My calendar is now electronic and goes with me wherever I happen to be. It helps me to keep track of the big picture, but within each day are the specifics designed to keep things running smoothly and still allow for long walks along the beach or leisurely camping trips. My watch is my own personal coach prompting me to stand, breathe, exercise, move. It celebrates the days when I accomplish my personal health goals and admonishes me when I grow lax. it’s a good thing for me because I often find that I would prefer not to spend time at the gym, but when the watch asks me why I am not being good I am reminded of the benefits of doing the right thing and I stay focused.

I have to plan healthy meals as well. I use a number of cookbooks and keep track of recipes that are especially tasty. I have to make sure that I have the proper ingredients on hand, so I keep lists of things that I need and coordinate my trips to the store with my gym time since there is a grocer right across the street from the YMCA where I go. By being prepared I have been less likely to fall back on fast food at the last minute than I was when we were so fancy free.

Our lack of due diligence also led to a major disaster with our hot water heater that otherwise might have been caught ahead of time had we made a habit of checking it regularly. Since it’s easy to forget such things we now have set up reminders for all sorts of maintenance of our home and car. By looking ahead and accomplishing a few things each week we are keeping up with little things that will go a long way toward preventing major accidents. In the long run its a small price to pay and its far more relaxing that facing repairs costing thousands of dollars that might have been unnecessary with regular care.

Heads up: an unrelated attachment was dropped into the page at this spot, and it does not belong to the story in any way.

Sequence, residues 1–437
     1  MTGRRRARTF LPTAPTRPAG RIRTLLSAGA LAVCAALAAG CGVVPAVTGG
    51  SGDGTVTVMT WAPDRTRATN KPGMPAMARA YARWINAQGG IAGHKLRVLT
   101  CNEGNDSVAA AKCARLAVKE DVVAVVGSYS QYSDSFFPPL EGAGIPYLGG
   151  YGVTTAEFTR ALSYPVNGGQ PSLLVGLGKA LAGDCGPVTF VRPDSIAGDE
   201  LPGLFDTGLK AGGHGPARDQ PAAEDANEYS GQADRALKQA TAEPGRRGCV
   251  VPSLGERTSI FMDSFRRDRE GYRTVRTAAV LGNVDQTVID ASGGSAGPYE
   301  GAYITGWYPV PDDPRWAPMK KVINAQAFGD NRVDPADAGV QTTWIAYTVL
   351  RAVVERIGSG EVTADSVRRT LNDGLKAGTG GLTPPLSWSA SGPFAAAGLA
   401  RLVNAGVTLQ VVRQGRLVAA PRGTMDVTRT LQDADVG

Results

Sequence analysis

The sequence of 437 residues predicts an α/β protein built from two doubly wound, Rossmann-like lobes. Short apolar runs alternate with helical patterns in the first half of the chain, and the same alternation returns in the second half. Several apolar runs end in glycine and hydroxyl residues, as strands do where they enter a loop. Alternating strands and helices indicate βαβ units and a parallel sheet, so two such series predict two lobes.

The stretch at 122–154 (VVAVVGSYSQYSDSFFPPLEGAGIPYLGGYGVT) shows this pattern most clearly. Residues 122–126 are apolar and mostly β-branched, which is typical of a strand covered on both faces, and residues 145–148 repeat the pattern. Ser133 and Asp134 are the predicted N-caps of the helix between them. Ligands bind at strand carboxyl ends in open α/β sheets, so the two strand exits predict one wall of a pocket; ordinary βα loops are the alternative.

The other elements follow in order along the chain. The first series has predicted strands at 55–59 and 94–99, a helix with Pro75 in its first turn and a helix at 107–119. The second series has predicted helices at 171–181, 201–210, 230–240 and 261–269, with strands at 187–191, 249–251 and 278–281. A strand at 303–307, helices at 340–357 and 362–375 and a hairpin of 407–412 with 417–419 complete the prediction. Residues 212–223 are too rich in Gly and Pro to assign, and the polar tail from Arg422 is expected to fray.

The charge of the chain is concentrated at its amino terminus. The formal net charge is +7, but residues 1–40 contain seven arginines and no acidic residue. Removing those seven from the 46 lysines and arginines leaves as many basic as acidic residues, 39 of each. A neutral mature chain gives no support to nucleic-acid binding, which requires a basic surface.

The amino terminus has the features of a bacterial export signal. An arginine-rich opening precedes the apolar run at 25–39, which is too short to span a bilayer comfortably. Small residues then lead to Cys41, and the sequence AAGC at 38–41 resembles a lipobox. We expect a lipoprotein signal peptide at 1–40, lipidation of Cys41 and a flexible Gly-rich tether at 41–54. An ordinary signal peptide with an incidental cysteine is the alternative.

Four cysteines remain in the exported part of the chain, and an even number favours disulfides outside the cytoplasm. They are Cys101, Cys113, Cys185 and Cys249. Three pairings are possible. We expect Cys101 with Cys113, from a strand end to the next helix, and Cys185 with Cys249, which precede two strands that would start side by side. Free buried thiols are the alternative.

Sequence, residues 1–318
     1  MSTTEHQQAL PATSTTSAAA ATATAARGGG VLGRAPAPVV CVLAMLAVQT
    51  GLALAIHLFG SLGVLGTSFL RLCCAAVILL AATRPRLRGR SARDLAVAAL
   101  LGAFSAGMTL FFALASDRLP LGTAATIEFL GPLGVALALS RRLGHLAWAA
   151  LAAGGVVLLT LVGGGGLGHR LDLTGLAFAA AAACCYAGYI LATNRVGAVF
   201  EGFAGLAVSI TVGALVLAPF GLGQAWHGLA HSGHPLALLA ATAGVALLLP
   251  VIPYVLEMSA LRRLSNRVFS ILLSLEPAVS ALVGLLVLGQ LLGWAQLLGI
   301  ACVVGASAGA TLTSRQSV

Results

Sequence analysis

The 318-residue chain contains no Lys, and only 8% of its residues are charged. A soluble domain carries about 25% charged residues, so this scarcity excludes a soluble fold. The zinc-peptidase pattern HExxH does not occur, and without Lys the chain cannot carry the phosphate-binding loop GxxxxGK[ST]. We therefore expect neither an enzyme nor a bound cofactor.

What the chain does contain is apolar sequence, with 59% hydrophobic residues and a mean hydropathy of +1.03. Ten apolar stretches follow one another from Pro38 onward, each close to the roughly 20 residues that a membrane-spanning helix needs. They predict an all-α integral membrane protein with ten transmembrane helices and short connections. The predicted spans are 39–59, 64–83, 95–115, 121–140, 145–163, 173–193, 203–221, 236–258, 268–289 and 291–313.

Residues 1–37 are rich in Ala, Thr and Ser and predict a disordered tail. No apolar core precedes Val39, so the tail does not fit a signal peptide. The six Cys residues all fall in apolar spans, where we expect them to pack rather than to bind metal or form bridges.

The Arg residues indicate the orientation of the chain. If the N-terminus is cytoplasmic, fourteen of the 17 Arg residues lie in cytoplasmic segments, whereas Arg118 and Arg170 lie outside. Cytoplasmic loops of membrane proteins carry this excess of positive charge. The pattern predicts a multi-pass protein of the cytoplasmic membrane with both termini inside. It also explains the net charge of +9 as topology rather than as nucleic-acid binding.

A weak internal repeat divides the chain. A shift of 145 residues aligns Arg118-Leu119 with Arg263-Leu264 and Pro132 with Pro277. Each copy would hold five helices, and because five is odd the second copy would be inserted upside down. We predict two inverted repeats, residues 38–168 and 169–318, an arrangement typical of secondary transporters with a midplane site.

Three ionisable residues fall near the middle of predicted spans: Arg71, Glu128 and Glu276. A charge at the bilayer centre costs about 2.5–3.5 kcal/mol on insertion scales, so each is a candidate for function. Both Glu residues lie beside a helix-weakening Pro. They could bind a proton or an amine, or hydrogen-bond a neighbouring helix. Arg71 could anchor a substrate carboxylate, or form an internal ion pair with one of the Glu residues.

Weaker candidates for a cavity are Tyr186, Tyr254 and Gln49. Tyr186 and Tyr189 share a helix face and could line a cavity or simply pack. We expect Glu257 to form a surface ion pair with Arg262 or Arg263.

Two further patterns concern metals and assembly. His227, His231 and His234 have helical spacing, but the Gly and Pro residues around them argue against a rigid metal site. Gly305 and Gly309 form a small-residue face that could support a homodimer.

I’m back to my old habits and loving it. I plan my days to include fun, but no longer neglect the small things that keep me and the world around me operating efficiently. It’s true that regularity makes for better physical and mental health and longer life.

I find myself thinking of a story I once heard of a man who lived near the river at the bottom of the Grand Canyon. According to the tale he was a man of great discipline who ordered his days with a routine regimen that included a brisk hike up a trail that led to the top. That same trail is now a popular site for adventurous souls who go down to the river and then return after their explorations. Seeing them trudging up the rocky pathway is an amazing sight because in spite of their obvious strength and good health it is apparent that the trail challenges them. It is stunning to realize that there was once a man who took the stony roadway in stride even as he grew old. His secret was that he walked along it every single day without fail, and so it became easy for him. Constant repetition has the power of tackling even the most daunting tasks. Doing just a bit here and a bit there makes our lives more manageable and ultimately more productive and happier.

I guess those old platitudes are not so silly after all. An apple a day may indeed keep the doctor away. A stitch in time may save nine. Early to bed and early to rise may not make us wealthy but studies show that we will be a great deal healthier. Having a plan is a good thing. We just need to be sure to remember why we made it in the first place so that we don’t falter and give up.